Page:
• Frenzie
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Re: Keyboards!
Reply #33
betwixt

The 14th century called. They want their word back. :P

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Re: Keyboards!
Reply #34
I found that in RJ's lexicon!..
Did he call? :lol:

  • Frenzie
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Re: Keyboards!
Reply #35
It's still used in Scottish English, true.

  • ersi
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Re: Keyboards!
Reply #36
A pic of the laptop that I talk about here


And my Packard Bell netbook

Re: Keyboards!
Reply #37
A pic of the laptop that I talk about here
Same as mine - except for the "print" button.
Where is it? Is it?

  • ersi
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Re: Keyboards!
Reply #38

Same as mine - except for the "print" button.
Where is it? Is it?

You mean Print Screen? There's no dedicated button for this. There's Insert next to Delete (top right corner). Print Screen is the other function of Insert. Next to left Ctrl is the Fn button that changes the function.

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Re: Keyboards!
Reply #39
You mean Print Screen?
No, I meant the printer 'print' button.
Sorry, I couldn't see your "F" row clearly.

  • Frenzie
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Re: Keyboards!
Reply #40
No, I meant the printer 'print' button.

That's probably one of those function keys I don't care for because you've already got Ctrl + P everywhere. (And where Ctrl + P doesn't work, chances are the dedicated print key won't work anyway.)

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Re: Keyboards!
Reply #41
So far it hasn't been needed anyway.

  • ersi
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Re: Keyboards!
Reply #42
I didn't even know there was a printer print button in computers. In my early years with computers, I thought PrintScr would send screen capture to the printer, if the printer were connected. Otherwise it didn't seem to do anything in Windows. I only discovered later you have to open up an image editor and paste there to see what the PrintScr key had done, that it actually had a function.

But Linux desktops make it flashily clear what PrintScr does. Cool.

By the way, it's quite useful to have different operating systems. I was trying to figure out someone's scanner problems. Trying with different machines with different operating systems I figured out it was not a software issue. The scanner itself had retired. Problem solved :)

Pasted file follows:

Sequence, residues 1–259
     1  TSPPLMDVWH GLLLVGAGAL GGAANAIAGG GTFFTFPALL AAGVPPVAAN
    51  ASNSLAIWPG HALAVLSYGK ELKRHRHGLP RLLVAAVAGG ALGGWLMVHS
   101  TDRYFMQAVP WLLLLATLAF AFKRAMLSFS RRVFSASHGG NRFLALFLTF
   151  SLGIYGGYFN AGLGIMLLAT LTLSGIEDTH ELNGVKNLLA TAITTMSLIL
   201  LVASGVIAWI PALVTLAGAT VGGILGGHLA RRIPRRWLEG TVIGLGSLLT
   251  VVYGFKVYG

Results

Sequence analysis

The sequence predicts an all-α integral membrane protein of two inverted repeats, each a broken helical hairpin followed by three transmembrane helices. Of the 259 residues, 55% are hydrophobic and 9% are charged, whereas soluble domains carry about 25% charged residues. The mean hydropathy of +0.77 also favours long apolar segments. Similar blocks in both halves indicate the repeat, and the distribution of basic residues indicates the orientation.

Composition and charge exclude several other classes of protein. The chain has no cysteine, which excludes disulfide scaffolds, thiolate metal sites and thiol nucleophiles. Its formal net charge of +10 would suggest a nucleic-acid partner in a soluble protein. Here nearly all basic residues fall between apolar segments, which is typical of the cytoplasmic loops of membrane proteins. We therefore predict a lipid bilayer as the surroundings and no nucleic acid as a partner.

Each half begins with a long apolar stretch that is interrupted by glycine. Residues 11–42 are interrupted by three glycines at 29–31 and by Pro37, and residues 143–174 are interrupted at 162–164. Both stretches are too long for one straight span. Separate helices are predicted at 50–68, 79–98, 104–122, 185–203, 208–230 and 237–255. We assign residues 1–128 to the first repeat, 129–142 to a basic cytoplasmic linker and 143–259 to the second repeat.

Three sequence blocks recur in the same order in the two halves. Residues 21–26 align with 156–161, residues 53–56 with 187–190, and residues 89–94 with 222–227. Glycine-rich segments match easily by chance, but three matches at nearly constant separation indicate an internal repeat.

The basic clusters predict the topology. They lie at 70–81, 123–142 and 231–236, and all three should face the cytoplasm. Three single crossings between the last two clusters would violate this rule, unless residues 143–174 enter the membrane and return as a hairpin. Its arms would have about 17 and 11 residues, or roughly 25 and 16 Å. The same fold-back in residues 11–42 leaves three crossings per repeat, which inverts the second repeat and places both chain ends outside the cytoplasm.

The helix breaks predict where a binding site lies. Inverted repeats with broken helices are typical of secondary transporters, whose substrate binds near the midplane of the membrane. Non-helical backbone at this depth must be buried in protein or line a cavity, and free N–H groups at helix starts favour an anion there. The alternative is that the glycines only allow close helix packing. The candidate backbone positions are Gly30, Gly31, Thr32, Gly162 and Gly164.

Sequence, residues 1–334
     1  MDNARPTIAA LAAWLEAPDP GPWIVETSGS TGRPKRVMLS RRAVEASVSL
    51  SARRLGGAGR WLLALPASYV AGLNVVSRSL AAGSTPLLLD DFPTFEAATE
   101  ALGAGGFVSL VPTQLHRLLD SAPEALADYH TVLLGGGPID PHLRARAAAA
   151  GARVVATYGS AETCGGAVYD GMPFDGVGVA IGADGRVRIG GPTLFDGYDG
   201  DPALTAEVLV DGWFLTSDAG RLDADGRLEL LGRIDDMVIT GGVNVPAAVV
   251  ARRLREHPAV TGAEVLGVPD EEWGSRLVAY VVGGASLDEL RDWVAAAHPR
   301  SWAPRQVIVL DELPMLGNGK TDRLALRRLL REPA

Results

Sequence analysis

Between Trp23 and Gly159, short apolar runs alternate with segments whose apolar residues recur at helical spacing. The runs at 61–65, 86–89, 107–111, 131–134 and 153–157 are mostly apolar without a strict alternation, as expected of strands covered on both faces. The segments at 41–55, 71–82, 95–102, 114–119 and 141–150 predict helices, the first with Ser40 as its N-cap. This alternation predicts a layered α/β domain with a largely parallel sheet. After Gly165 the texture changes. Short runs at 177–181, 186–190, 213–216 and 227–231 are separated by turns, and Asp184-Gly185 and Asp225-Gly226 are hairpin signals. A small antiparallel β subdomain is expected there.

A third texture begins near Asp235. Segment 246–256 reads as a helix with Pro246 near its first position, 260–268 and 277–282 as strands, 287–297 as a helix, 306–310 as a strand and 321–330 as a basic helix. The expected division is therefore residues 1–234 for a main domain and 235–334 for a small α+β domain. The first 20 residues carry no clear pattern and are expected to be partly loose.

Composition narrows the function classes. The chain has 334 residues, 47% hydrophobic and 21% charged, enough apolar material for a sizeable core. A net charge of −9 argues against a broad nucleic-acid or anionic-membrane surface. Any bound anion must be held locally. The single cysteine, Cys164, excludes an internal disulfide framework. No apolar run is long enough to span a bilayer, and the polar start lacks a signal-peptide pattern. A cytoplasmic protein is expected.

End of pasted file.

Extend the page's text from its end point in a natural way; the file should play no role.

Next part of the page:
• Frenzie
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Re: Keyboards!
Reply #43
But Linux desktops make it flashily clear what PrintScr does. Cool.

Install e.g. Greenshot in Windows.

  • ersi
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Re: Keyboards!
Reply #44
Tell me better about screenshot apps in Android. What do you have?

  • Frenzie
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Re: Keyboards!
Reply #45
I believe pressing power and volume down together takes a screenshot on most devices. In my case, it's simply an entry on the reboot/shutdown menu. No apps.

  • ersi
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Re: Keyboards!
Reply #46

I believe pressing power and volume down together takes a screenshot on most devices. In my case, it's simply an entry on the reboot/shutdown menu. No apps.
On most devices? Why didn't it ever work on any of my devices? Also not on the current one: LG-P500 Android 2.3.3. The power/volume button conjunction doesn't work, and I obviously would have noticed screenshot in the shutdown menu. It's not there, never was. And YT says I must find the right app http://www.youtube.com/watch?v=Yf_6K590Yq4

  • Frenzie
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Re: Keyboards!
Reply #47
On most devices? Why didn't it ever work on any of my devices? Also not on the current one: LG-P500 Android 2.3.3.

Sorry, most devices with Android 4.0 or higher. A quick search suggests power + home should work on yours.

  • ersi
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Re: Keyboards!
Reply #48
How I wish it worked this way. It doesn't. I have installed an app to have a different home screen. I switched it off and kept trying the power+home button combo. Luckless me :(

  • Frenzie
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Re: Keyboards!
Reply #49
Here are some thoughts on more efficient keyboard use: http://xahlee.info/kbd/keyboard_function_keys.html

I admit I could probably get a lot more use out of my function keys by remapping them. The only change I've made to the default US International layout is using "Caps Lock" as "Compose".

On a separate note, I came across this interesting portable keyboard. It'd work with my Android phone's USB OTG functionality, making it potentially useful in certain use cases. It'd be more pleasant to use than my netbook's keyboard, but on the other hand the netbook is definitely a lot more capable than my phone...